Gone Outdoors

How to Install a Fishing Rod Holder on a Fiberglass Boat

by Rona Aquino

Install one or two flush mount rod holders on your boat to increase your odds of catching game fish. Even if you own a fiberglass boat, your choices are not limited to just clamp rod holders. Installing a flush mount rod holder is a fairly simple procedure; all you need are a few tools and some safety equipment. A flush mount rod holder entails drilling into the boat's gunwale, which allows you to fish with ease while also keeping your boat more organized.

Choose a location on the gunwale and use the marker to mark where to drill a hole for the rod holder. Use the tape measure across the gunwale to determine its center. Ensure that the spot is free of any obstructions underneath the gunwale.

Place strips of masking tape over the surrounding area to protect the gel coat from damage.

Put on your dust mask and safety glasses to start fiberglass installation.

Drill a hole using the 2.5-inch hole saw at the area that you marked for installation.

Smooth the edges with the hand file to remove any excess fiberglass.

Test fit the rod holder flush into the hole and mark where the screw holes on the flange need to be drilled.

Drill holes through the surface by following the screw marks that you just made. This is where the flange or gasket of the rod holder will be attached. The screw size will depend on your chosen flush mount rod holder.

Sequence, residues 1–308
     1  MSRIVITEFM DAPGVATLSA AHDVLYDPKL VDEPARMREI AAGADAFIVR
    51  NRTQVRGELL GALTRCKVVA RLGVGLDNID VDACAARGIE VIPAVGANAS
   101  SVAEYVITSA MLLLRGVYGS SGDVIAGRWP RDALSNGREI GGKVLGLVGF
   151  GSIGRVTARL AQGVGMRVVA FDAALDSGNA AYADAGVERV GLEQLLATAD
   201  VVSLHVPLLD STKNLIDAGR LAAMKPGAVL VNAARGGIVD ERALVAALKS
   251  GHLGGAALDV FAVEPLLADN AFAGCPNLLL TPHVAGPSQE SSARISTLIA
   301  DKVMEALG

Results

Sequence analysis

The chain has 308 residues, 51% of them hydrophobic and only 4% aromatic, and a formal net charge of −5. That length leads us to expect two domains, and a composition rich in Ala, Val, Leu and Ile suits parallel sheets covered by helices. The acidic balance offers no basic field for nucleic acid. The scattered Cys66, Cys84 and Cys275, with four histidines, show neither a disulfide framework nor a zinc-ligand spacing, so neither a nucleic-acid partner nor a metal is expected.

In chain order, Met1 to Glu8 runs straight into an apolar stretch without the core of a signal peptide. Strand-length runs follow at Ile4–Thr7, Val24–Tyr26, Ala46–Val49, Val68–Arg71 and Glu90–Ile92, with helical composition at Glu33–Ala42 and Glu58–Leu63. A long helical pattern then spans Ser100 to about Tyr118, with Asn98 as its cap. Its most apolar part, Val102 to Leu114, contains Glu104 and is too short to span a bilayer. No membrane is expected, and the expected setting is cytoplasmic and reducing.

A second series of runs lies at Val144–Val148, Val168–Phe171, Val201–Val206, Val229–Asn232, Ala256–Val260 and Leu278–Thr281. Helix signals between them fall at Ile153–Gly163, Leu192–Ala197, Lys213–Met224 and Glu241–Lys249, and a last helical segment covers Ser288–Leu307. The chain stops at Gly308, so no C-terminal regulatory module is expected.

Put silicone sealant into each screw hole, then insert the rod holder into the gunwale hole. Screw the flange into place and tighten the rod holder assembly using the wrench.

Items you will need
  • Dust mask
  • Safety glasses
  • Masking tape
  • Tape measure
  • Marker
  • 2.5-inch hole saw with a pilot bit
  • Flush mount rod holder
  • Hand file
  • Wrench
  • Screws

Tip

  • Choose a rod holder in any angle that suits your needs. Angled rod holders come in different offsets; a rod holder set at a 30-degree angle is well-suited for trolling because it puts less stress on the reel seat. Choose a 15-degree angle if you prefer kite fishing. A 45-degree angle is ideal for high-speed trolling or deep-fishing.

About the Author

Rona Aquino began writing professionally in 2008. As an avid marathon runner and outdoor enthusiast, she writes on topics of running, fitness and outdoor recreation for various publications. Aquino holds a Bachelor of Arts in communications and English from the University of Maryland College Park.

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